Bernard of Cluny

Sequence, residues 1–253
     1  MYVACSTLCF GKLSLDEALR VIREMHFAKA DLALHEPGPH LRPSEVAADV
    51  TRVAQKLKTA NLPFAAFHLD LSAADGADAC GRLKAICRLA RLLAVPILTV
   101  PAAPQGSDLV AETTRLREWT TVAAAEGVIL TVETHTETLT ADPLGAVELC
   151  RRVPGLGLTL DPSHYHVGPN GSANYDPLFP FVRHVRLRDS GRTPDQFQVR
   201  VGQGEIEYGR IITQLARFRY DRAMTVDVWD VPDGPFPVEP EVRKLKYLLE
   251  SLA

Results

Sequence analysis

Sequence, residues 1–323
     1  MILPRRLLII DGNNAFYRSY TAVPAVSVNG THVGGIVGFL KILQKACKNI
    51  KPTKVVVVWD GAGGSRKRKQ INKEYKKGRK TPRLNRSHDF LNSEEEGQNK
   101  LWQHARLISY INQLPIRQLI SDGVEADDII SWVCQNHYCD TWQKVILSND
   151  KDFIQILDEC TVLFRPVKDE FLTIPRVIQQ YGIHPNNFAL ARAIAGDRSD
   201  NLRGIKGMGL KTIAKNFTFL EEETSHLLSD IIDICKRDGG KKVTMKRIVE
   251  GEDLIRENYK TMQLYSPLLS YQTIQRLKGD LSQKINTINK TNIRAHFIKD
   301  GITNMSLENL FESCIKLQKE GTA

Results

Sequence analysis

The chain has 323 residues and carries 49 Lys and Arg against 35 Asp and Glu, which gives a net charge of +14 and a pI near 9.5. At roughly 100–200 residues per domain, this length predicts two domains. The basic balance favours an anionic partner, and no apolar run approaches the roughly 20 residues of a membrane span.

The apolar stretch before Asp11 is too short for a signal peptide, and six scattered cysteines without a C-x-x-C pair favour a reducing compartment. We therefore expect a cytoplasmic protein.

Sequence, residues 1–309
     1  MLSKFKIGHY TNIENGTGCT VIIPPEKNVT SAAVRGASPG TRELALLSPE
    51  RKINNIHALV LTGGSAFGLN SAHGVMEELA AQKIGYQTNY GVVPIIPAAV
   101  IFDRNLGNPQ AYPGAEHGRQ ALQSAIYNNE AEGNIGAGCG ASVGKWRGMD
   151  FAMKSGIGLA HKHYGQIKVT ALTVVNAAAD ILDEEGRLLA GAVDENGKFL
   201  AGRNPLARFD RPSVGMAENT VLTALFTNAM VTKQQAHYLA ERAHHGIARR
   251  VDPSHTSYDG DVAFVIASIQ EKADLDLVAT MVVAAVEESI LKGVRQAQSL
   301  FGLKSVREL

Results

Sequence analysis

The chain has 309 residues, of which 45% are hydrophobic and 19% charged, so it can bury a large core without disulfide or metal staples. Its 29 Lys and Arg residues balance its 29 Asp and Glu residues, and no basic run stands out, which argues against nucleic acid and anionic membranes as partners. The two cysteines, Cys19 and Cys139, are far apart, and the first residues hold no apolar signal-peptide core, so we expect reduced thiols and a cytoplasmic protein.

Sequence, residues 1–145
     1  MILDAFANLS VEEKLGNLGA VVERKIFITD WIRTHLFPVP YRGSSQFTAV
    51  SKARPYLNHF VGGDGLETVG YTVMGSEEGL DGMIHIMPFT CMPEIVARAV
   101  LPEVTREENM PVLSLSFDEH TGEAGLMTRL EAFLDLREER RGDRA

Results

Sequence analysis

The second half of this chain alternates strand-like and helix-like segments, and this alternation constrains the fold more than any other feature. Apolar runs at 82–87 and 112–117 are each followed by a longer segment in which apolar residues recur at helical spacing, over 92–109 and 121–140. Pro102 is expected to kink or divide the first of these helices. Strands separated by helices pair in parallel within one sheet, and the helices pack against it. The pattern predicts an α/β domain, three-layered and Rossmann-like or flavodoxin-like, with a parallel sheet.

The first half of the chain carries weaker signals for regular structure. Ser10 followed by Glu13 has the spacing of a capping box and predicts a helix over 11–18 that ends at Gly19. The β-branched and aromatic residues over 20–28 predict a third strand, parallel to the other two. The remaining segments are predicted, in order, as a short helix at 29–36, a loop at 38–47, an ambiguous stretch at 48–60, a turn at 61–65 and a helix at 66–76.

FL. 1140. Monk and poet. Little is known of the author of De Contemptu Mundi except that he lived in the famous monastery of Cluny and was possibly of British extraction. His poem of about 3,000 lines, written in dactylic hexameters and beginning Hora novissima, satirizes contemporary monastic corruption and contrasts the transient pleasures of this life with the peace and glory of heaven. He attributed his mastery of the difficult meter to divine inspiration. First found in a thirteenth-century manuscript (now in the Bodleian), extracts from it were translated in ballad metre by Neale* in 1851 and 1858. Stanzas from these form the basis of the hymns “Brief life is here our portion”; “For thee, O dear, dear country”; “Jerusalem the golden”; and “The world is very evil.”